Skip to Content

Great Public Schools Criteria for Ohio

Great Public Schools Criteria refers to the seven elements needed for closing the achievement gaps and raising achievement for all students. The seven elements are: (1) readiness to learn, (2) high expectations, (3) quality conditions, (4) qualified staff, (5) accountability, (6) parental involvement, and (7) funding.

Read more below about the Great Public Schools Criteria in Ohio.

Readiness to Learn

Full-day Kindergarten:


Ohio Rev. Code Ann. § 3302.01 – § 3302.08, § 3302.041
House Bill 269 (1998 Regular Session)

Ohio does not reward but it sanctions districts on the basis of performance. State sanctions on district involve written warning, offer of more funding, a requirement that the district create and implement a plan for improvement, placement on probation, or state take-over of the school district. In 1995, a U.S. federal court charged the state with running the Cleveland Public Schools through a state-appointed superintendent. In 1997, the state legislature shifted control of the Cleveland Public Schools to the mayor and charged him with appointing the school board and the school district’s chief executive officer.

Ohio does not reward or sanction schools on the basis of performance.

In pursuance of NCLB AYP requirements, Ohio now requires low-performing schools that fail to make adequate yearly progress for five consecutive school years to have its district submit an improvement plan aimed at improving the schools' academic performance for the succeeding year. The plan must include at least one of the following options:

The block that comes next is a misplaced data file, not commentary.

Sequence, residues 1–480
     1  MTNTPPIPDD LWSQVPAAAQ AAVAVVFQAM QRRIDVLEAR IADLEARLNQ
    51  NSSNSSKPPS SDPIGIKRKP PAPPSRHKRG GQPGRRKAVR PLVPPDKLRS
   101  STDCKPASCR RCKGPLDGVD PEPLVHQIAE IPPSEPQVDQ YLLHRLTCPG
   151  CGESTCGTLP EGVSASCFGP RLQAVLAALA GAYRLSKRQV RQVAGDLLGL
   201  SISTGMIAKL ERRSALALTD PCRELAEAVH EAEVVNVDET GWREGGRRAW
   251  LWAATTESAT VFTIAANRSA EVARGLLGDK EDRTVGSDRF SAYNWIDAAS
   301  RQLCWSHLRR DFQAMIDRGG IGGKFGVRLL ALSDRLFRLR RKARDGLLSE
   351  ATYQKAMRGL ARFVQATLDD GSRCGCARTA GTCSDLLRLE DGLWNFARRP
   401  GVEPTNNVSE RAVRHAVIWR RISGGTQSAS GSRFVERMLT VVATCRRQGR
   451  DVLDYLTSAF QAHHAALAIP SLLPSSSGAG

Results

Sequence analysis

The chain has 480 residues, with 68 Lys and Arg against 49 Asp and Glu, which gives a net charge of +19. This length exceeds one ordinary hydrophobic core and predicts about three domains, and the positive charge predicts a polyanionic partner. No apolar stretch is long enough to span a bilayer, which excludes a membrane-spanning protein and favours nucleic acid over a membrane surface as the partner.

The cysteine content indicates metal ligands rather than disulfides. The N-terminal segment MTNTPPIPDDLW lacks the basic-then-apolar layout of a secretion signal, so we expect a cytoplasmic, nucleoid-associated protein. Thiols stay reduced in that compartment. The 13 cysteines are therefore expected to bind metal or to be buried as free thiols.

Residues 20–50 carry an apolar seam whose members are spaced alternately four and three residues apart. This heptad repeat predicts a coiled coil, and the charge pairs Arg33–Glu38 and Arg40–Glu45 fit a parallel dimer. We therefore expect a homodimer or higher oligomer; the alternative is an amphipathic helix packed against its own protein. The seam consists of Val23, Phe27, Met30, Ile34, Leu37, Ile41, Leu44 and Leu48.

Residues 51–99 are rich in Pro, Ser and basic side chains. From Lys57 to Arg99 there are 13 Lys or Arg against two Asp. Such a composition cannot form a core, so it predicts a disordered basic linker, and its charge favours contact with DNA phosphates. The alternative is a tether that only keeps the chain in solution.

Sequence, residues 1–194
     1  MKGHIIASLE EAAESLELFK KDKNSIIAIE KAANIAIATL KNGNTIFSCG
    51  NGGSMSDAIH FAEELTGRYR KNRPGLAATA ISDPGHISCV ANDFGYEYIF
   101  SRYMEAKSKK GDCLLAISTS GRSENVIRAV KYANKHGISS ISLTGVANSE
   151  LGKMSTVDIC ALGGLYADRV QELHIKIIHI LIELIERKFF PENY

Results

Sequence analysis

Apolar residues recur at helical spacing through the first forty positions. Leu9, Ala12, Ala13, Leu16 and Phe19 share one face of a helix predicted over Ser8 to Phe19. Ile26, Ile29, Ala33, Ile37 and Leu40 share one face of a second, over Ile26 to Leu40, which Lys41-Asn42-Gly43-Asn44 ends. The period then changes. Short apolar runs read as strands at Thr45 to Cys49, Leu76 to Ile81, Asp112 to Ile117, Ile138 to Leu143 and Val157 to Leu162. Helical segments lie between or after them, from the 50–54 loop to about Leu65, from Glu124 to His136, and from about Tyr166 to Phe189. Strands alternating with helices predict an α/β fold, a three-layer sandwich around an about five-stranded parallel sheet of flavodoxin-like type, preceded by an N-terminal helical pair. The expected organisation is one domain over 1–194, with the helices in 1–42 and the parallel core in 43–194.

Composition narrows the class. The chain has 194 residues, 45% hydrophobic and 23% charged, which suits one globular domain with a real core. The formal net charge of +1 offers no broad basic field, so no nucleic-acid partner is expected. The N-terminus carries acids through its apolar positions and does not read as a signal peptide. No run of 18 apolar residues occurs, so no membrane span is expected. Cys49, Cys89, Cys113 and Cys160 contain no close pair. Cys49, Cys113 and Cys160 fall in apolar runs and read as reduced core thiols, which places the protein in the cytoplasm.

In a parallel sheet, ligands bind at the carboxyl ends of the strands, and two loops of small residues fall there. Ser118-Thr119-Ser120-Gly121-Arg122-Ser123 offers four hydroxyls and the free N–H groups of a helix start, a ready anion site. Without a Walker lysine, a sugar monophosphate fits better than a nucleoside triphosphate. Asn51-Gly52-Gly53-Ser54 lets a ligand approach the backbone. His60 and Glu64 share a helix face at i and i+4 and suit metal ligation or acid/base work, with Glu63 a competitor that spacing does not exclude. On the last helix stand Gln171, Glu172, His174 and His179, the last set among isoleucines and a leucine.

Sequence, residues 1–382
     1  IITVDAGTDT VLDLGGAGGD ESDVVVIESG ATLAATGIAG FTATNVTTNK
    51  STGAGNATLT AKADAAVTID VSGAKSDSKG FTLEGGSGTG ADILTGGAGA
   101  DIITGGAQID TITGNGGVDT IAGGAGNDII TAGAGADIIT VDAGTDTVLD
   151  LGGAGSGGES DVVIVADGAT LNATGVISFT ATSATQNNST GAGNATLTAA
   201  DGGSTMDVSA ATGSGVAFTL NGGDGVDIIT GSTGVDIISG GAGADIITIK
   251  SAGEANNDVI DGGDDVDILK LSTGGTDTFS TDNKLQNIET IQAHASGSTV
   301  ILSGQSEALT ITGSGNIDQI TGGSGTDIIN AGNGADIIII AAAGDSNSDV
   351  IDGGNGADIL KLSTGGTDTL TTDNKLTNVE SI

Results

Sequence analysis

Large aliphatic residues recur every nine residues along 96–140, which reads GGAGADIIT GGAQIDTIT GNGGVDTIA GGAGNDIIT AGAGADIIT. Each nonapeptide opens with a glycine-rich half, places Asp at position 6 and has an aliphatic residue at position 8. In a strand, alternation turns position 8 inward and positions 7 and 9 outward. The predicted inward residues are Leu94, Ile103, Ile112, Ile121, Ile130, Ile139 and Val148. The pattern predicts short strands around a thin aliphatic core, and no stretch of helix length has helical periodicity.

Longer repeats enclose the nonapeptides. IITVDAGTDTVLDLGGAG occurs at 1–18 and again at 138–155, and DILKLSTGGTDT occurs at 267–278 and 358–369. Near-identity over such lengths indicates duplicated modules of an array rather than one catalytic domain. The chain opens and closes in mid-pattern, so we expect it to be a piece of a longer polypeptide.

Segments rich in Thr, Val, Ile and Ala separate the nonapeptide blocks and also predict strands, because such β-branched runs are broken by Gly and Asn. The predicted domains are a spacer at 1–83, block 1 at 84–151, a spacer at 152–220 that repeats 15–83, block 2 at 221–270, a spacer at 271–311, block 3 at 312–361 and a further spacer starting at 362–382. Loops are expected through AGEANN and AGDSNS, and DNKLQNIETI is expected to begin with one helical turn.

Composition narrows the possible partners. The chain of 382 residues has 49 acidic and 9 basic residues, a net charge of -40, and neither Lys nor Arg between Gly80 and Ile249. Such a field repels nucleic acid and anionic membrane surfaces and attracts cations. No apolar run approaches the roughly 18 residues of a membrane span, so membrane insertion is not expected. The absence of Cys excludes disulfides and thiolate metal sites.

For any school building that fails to make adequate yearly progress for six consecutive school years, the district shall implement the plan. This policy was enacted because of NCLB and is directly related to NCLB's AYP timeline. [3302.04]

NEA Grant to Close Achievement Gaps

The Ohio Education Association plans to use its NEA Grant to Close Achievement Gaps to  lobby the legislature to pass a bill to establish local school district committees that will develop local strategies for closing achievement gaps. They also plan to engage in an information campaign, host community forums, and conduct a state conference on closing achievement gaps, develop partnerships with the African American faith community to close the gaps, and develop materials with local realtors' associations highlighting public school success.